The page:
In an ambitious effort to conserve the genetic diversity of America’s endangered species, the nonprofit Revive & Restore is focused on biobanking.
This initiative, in alliance with the U.S. Fish & Wildlife Service, marks the first-ever structured biobanking pipeline specifically for U.S. species that are threatened or endangered.
Biobanking describes the intentional and indefinite preservation of living cells, tissues, and gametes. It protects both unrecoverable genetic diversity in wildlife species and expands capacity for genetic rescue strategies both today and into the future.
Currently, only 14 percent of (more than) 1,700 U.S. species listed as threatened or endangered have living tissue cryopreserved.
“This is about creating a legacy of America’s natural history before it is lost and provides an important resource to enhance species recovery efforts now and in the future,” said Ryan Phelan, executive director of Revive & Restore.
Many experts believe we have already entered into Earth’s sixth mass extinction. New initiatives like biobanking are urgently needed to address this ongoing biodiversity crisis.
The pipeline encompasses tissue collection, establishment of living cell lines, and a nationwide repository for cryopreservation.
These cell lines will equip the U.S. Fish & Wildlife Service with the means to oversee existing populations via genomic data and increase the scope for genetic rescue using state-of-the-art reproductive technologies.
“We want to provide the greatest possible set of options for ensuring the continued survival of the native wildlife of the United States,” explained Dr. Oliver Ryder, director of Conservation Genetics at San Diego Zoo Wildlife Alliance.
“This creates a mandate for expanded efforts in biobanking living cells.”
“We are excited to be part of such a historic initiative that will provide the necessary resources for cutting edge conservation work going on today and in the future,” said Dr. Shawn Walker, vice president of Science and Technology at ViaGen Pets & Equine.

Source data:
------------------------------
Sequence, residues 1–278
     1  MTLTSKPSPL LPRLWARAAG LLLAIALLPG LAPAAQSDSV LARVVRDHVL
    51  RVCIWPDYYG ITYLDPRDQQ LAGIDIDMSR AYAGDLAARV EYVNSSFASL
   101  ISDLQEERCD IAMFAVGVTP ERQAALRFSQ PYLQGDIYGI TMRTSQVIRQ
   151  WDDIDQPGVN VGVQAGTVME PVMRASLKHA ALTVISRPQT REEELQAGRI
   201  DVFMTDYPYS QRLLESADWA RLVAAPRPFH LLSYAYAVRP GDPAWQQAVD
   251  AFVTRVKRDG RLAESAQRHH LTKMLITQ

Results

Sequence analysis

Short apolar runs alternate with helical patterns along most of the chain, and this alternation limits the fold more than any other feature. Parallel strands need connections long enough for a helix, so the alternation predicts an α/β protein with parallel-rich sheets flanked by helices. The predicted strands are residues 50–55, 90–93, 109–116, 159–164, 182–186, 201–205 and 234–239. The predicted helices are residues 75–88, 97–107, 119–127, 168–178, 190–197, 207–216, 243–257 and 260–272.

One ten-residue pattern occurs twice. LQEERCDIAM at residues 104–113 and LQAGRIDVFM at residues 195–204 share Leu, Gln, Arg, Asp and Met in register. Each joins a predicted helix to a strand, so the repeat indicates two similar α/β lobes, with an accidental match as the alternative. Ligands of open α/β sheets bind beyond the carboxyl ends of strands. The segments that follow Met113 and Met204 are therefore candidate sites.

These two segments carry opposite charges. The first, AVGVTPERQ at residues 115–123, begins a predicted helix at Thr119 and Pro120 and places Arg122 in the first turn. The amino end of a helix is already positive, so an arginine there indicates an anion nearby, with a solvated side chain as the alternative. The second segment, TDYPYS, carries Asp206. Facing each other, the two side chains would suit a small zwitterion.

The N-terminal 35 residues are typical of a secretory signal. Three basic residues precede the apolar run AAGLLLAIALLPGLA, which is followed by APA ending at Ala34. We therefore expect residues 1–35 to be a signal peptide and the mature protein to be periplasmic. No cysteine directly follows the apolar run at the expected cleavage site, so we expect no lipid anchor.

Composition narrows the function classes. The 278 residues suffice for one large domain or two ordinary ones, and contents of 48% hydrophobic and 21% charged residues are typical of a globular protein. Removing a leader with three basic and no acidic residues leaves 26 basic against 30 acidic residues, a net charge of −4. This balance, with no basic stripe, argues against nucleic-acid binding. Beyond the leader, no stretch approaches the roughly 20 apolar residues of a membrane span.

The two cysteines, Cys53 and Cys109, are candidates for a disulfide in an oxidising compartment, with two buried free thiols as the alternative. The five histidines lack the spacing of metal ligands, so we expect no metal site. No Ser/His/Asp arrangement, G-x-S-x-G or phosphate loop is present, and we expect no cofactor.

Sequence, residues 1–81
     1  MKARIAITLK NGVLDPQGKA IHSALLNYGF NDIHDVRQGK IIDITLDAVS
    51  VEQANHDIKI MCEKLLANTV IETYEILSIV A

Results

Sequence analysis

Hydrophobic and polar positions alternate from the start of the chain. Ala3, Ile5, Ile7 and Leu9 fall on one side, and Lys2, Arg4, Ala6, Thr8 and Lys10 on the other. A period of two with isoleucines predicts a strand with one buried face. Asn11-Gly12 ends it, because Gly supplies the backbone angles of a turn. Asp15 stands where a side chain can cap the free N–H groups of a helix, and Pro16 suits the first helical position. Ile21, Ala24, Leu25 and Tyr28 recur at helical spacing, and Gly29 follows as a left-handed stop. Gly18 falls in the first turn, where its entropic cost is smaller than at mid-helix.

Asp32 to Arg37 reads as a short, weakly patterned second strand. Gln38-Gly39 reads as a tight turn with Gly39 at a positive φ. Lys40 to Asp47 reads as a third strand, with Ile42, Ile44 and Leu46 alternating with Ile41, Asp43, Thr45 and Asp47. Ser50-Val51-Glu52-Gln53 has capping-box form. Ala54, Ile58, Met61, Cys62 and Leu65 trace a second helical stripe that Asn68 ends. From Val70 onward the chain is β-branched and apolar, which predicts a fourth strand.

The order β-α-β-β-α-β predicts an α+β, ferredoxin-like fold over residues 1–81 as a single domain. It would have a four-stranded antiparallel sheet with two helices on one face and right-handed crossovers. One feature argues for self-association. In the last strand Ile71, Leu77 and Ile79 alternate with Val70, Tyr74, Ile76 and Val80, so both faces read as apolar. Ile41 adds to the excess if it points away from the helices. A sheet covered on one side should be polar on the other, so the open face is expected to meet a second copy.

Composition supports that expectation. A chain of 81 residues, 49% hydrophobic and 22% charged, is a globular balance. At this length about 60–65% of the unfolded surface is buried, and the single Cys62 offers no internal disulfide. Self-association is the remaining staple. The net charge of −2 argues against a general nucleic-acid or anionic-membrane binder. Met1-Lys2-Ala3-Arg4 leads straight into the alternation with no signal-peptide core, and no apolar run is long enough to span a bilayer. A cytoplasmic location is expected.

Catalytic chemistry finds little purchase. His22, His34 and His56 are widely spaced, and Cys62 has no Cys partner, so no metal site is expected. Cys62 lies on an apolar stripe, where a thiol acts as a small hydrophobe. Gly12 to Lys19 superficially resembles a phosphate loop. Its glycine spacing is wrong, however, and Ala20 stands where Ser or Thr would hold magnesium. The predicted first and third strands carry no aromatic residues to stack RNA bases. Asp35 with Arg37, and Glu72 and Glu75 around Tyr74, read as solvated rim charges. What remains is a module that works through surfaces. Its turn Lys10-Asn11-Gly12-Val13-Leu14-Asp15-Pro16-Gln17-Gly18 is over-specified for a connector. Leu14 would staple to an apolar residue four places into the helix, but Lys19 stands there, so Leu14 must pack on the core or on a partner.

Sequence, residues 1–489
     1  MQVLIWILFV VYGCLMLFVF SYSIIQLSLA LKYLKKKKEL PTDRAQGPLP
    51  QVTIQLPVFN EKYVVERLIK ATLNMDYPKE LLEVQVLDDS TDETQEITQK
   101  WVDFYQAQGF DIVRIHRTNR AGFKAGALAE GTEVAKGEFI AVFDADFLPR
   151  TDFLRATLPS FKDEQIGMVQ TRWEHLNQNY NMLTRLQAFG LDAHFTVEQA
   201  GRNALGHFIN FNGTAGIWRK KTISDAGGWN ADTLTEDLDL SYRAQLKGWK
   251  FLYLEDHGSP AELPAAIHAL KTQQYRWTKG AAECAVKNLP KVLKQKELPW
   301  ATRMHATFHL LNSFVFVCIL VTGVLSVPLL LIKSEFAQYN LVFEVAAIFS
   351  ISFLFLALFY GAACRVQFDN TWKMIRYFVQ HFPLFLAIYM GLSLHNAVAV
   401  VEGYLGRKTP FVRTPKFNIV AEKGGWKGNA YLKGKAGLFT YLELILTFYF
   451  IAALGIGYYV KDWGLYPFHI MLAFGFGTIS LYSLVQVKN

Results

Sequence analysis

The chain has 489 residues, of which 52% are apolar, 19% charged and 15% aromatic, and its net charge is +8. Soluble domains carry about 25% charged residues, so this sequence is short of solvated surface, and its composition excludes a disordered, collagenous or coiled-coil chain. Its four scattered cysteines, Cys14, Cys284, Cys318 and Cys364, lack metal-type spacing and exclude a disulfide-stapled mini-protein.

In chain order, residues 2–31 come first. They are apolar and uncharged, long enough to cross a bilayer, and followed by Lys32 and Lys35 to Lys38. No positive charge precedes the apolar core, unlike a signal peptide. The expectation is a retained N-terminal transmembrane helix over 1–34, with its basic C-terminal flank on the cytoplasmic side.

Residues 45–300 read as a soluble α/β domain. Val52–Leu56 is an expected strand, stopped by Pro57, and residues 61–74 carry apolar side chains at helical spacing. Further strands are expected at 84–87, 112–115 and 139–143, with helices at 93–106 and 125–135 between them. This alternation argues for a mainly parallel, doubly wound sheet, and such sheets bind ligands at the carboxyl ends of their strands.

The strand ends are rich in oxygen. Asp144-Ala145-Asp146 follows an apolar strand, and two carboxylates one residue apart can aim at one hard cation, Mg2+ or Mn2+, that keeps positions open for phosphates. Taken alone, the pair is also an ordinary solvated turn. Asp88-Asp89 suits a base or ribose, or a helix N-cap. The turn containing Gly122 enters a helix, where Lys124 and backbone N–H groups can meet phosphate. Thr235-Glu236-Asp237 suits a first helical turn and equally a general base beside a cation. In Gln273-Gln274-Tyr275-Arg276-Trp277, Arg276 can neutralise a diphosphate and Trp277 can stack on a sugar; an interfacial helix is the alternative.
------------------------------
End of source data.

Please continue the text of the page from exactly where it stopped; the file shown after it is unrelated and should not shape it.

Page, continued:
“The samples preserved during this endeavor will provide an invaluable genetic road map to enable the preservation of these endangered species.”
In addition to this, Revive & Restore has carefully selected resources for field biologists to biobank specific species.
The resources include peer-reviewed sample collection protocols, visual tools, and an anthology of published resources from institutions that are adept at biobanking and cryopreservation. All of these can be accessed at the project’s dedicated webpage.
This pioneering collaboration is a monumental stride towards safeguarding U.S. endangered species and assessing the ongoing biodiversity crisis.
The U.S. Fish & Wildlife Service has selected its first 24 U.S. endangered mammals for biobanking, including the Mexican wolf, Florida bonneted bat, and Sonoran Pronghorn.
Seth Willey of the US Fish & Wildlife Service emphasized the importance of seizing this moment.
“Biobanking gives us the chance to save irreplaceable genetic diversity,” said Willey. “If done right, it creates a marker-in-time and gives future recovery biologists options, like genetic rescue, that are only possible if we act now.”
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